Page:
Journal Article


R Paul Ross
Paul D. Cotter
Colin Hill
Paula M. O’Connor
Des Field
Paula M. O'Connor
Brian Healy



peptide synthesis nisin cell wall pharmacology variant mode immunity peptides precursor lipid ii lantibiotics microbial sensitivity tests amino acid substitution anti bacterial agents staphylococcus aureus bacteriocins amino acid lactococcus lactis antibiotics chemistry genetics amino acid sequence mutagenesis lantibiotic nisin nisin a biosynthesis

Intensive Mutagenesis of the Nisin Hinge Leads to the Rational Design of Enhanced Derivatives (2013)

Abstract Nisin A is the most extensively studied lantibiotic and has been used as a preservative by the food industry since 1953. This 34 amino acid peptide contains three dehydrated amino acids and five thioether rings. These rings, resulting from one lanthionine and four methyllanthionine bridges, confer the peptide with its unique structure. Nisin A has two mechanisms of action, with the N-terminal domain of the peptide inhibiting cell wall synthesis through lipid II binding and the C-terminal domain responsible for pore-formation. The focus of this study is the three amino acid ‘hinge’ region (N 20, M 21 and K 22) which separates these two domains and allows for conformational flexibility. As all lantibiotics are gene encoded, novel variants can be generated through manipulation of the corresponding gene. A number of derivatives in which the hinge region was altered have previously been shown to possess enhanced antimicrobial activity. Here we take this approach further by employing simultaneous, indiscriminate site-saturation mutagenesis of all three hinge residues to create a novel bank of nisin derivative producers. Screening of this bank revealed that producers of peptides with hinge regions consisting of AAK, NAI and SLS displayed enhanced bioactivity against a variety of targets. These and other results suggested a preference for small, chiral amino acids within the hinge region, leading to the design and creation of producers of peptides with hinges consisting of AAA and SAA. These producers, and the corresponding peptides, exhibited enhanced bioactivity against Lactococcus lactis HP, Streptococcus agalactiae ATCC 13813, Mycobacterium smegmatis MC2155 and Staphylococcus aureus RF122 and thus represent the first example of nisin derivatives that possess enhanced activity as a consequence of rational design.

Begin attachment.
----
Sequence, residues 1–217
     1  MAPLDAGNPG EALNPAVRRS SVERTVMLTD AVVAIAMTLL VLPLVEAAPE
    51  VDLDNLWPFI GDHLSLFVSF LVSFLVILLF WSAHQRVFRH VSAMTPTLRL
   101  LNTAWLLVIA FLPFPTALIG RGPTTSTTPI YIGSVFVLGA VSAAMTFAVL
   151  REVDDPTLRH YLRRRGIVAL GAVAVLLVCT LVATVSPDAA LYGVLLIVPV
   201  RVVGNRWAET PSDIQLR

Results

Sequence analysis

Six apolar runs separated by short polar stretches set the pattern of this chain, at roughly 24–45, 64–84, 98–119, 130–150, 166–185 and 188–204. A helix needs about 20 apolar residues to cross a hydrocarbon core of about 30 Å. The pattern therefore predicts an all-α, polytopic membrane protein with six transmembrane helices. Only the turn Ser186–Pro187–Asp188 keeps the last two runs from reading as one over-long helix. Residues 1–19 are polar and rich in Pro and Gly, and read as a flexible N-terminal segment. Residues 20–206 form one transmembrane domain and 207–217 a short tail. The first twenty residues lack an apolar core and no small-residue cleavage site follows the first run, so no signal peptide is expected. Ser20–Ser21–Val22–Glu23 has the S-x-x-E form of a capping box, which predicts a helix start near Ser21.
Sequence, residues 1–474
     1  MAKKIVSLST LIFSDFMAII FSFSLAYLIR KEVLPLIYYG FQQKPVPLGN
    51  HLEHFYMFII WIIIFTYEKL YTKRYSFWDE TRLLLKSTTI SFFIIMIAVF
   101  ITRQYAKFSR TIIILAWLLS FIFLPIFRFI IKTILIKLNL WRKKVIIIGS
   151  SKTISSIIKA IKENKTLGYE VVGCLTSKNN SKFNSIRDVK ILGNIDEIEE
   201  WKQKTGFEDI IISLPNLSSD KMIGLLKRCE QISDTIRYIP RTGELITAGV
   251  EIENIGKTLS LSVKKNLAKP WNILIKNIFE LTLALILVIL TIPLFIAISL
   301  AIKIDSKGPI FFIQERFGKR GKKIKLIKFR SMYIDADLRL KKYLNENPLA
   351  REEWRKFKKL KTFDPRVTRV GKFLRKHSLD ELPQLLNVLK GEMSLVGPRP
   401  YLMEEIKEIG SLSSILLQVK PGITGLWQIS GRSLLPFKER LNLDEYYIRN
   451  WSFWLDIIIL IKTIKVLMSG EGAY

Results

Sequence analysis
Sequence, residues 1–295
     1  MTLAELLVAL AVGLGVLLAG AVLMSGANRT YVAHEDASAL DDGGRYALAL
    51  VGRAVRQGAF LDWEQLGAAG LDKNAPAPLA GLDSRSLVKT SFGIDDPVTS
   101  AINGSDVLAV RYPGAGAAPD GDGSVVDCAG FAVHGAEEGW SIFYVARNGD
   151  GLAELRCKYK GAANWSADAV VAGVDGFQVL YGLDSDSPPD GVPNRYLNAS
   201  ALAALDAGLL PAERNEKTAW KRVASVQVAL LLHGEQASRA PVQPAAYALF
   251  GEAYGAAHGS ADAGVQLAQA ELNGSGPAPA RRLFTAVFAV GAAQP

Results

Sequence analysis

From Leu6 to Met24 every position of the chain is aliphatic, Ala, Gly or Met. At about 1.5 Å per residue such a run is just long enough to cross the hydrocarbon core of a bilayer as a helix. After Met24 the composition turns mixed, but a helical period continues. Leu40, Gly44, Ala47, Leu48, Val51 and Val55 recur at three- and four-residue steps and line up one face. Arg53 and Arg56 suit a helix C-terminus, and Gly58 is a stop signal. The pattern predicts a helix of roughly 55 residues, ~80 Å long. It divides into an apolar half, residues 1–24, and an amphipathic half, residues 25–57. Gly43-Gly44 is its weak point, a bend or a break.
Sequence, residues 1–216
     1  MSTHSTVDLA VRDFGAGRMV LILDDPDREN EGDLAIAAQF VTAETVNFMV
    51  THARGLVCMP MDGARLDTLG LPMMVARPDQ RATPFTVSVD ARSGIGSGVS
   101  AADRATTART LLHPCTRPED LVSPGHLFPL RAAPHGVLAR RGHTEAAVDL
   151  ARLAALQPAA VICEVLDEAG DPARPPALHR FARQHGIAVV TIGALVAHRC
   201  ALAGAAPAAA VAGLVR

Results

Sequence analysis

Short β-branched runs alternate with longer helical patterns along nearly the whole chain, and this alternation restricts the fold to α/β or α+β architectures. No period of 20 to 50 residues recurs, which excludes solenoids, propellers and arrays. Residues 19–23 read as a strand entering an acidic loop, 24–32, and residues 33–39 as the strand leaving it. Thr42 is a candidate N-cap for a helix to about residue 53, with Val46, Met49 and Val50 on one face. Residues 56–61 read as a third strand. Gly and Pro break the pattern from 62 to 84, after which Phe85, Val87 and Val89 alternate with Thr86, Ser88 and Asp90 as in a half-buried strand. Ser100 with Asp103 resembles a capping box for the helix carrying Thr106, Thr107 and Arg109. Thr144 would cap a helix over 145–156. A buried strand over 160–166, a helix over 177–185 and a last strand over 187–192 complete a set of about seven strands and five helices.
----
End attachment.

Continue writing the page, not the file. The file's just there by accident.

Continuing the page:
Collections Ireland -> University College Cork -> APC Microbiome Institute
Ireland -> Teagasc -> Food Biosciences
Ireland -> University College Cork -> College of Science, Engineering and Food Science
Ireland -> University College Cork -> APC Microbiome Institute- Journal Articles
Ireland -> University College Cork -> Microbiology
Ireland -> Teagasc -> Food Programme
Ireland -> University College Cork -> Research Institutes and Centres
Ireland -> University College Cork -> Microbiology - Journal Articles

Full list of authors on original publication

R Paul Ross, Paul D. Cotter, Colin Hill, Paula M. O’Connor, Des Field, Paula M. O'Connor, Brian Healy

Experts in our system

R Paul Ross
Total Publications: 441
Paul D. Cotter
Total Publications: 253
Colin Hill
University College Cork
Total Publications: 351
Des Field
Total Publications: 30
Paula M. O'Connor
Total Publications: 85